The documentary film "Aisheen – Still Alive In Gaza" scooped the ecumenical jury prize at this year's Berlinale. The film, which was produced one month after the end of the war in Gaza, does not focus on the destruction itself, but about the life that follows it. Igal Avidan spoke to the Swiss filmmaker Nicolas Wadimoff
Your film was made as a co-production between Switzerland and Al Jazeera Children's Channel from Qatar. How did this unusual cooperation come to pass?
Nicolas Wadimoff: The producer of the Al Jazeera Children's Channel called me up and asked if I would be interested in making such a film. I had been to Gaza twice before, and agreed, but I wanted to be a co-producer so that the film could be shown in cinemas.
Was it difficult to get a travel permit for the Gaza Strip?
Wadimoff: I entered from the Israeli checkpoint at Erez without problems. Israel is very liberal with media representatives. Officially, you're allowed to stay for three, or four days in Gaza. But because I was also filming seven reports for the Swiss TV broadcaster TSR, the Israelis let me stay for two weeks.
What changes did you establish in the Gaza Strip?
Wadimoff: The destruction was greater than I had expected from the television images I had seen. I found destroyed houses, fields and factories, especially along the border with Israel. This was also my first visit since Hamas seized power. But I was there three weeks after the end of the war and people were still in a state of shock, as though they had been roused from a nightmare. The conflicts and the rift between Hamas and Fatah were pushed to the sidelines as a result.
On 15th February, Hamas security forces in the Gaza Strip, where the militant organisation has been in power since 2007, arrested a British journalist. They said he had endangered security. Were you in any way restricted or obstructed by Hamas during your two weeks in Gaza?
Wadimoff: No. I was never accompanied and could film what I wanted, wherever I wanted. I worked with a local fixer, who organised appointments and set up interviews for me. They were all happy to talk to us in front of the camera.
Did your interview partners say what they thought was expected of them?
Wadimoff: Let's take the scene with the young rap musician, for example. He wasn't afraid of our camera, because he is saying exactly what he's thinking. He didn't do this on radio: The people in Gaza censor themselves, because it's too dangerous to hold views that differ from those of Hamas. Hamas controls society and dictates a very conservative Islamic behaviour.
Gaza Zoo, where animals that have died of hunger are replaced with stuffed ones, plays a central role in your film.
Wadimoff: We filmed there four times. That's how we got to know the young people who work there as volunteers – otherwise the following scene wouldn't have been possible; Three young men sit on a swing and talk casually among themselves. One says he's eaten pistachio nuts today, the other says he went to the Mosque. Meanwhile bombs are falling in the border region where the tunnels were dug out. And then one of the boys begins to complain.
He complains about his school, the unmotivated teachers. Because of them, he says, he'll never be able to realize his dream of becoming a doctor one day. Then he says he wishes the Jews would disappear. What's that got to do with school standards, asks his friend. "The Jews would cripple the education system," he growls and warns: Without education, they'll all go on to be suicide bombers.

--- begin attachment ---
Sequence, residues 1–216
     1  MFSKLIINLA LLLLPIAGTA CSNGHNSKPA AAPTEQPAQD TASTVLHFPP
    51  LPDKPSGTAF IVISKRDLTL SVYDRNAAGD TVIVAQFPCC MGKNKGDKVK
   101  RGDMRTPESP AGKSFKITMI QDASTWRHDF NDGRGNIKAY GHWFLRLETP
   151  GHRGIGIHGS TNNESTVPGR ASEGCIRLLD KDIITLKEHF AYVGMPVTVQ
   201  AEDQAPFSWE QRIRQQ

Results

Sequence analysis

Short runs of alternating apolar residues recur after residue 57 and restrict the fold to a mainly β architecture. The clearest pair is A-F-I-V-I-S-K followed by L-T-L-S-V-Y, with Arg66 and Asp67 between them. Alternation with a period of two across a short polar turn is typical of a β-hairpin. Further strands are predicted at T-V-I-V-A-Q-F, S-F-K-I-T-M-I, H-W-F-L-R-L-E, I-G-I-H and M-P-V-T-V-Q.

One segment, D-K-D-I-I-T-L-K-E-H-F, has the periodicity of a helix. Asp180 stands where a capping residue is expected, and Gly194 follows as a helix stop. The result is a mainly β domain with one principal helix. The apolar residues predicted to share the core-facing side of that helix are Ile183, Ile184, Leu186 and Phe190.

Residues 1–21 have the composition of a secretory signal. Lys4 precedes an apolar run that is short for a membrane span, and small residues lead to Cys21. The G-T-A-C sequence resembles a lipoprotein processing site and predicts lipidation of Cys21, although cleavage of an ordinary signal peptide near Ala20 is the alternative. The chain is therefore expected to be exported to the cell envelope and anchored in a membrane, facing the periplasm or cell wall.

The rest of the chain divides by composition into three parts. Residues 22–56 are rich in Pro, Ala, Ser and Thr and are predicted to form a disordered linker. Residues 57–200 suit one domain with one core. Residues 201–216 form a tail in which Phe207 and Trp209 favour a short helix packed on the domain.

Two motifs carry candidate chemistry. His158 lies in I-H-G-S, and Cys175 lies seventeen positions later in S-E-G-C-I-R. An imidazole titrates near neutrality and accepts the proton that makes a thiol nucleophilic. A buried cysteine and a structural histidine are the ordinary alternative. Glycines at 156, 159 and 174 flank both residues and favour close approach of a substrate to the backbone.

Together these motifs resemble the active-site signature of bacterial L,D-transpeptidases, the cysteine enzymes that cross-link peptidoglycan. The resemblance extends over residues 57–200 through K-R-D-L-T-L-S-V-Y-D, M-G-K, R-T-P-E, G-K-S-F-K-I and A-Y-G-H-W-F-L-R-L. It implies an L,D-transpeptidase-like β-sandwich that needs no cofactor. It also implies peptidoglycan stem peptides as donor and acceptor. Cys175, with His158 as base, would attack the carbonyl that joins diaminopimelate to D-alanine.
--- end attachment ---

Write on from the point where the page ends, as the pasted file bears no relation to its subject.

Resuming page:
You deliberately dispense with analyses or personal commentary and sometimes allow your protagonists to produce stereotypical concepts of the enemy Israel. Why?
Wadimoff: My last documentary film, L'Accord (2005) was about the Geneva Accord, in which I quiz Israelis and Palestinians about this peace project. After that, I didn't want to make any more films about Israelis and Palestinians, because I had the feeling that everything had already been said.
Now is the time for fiction films. We don't need information, we need stories. And that's what I've attempted here, although this is a documentary film: to try and tell the stories of a number of people.
Will your film be shown in the Gaza Strip?
Wadimoff: The cultural office of the city of Geneva sponsored the film and suggested this. At the end of November 2009, we had three screenings in the hall at the Red Half Moon Society. The room was full every time, all the protagonists came and enjoyed seeing themselves and their friends and acquaintances on the screen.
People laughed and sung together with the rap band. It was a great atmosphere. I hope to show the film in Israel and the West Bank as well.
Did men and women sit together?
Wadimoff: Yes, absolutely, at all the screenings, perhaps because the venue is viewed as secular, or because Hamas does not want to force this separation.
Do you think your film can have a positive influence on the deadlock between Israel and Hamas?
Wadimoff: When I was 20 years old, I thought that films could bring about change. I'm not so sure anymore. If films can open the eyes of those living in Israel and Palestine, perhaps those people would then be able to see the human beings behind the conflict. And show for example that totally normal people live in Gaza, not just Hamas militants. That's something I wanted to highlight in my film.
© Qantara.de 2010
Translated from the German by Nina Coon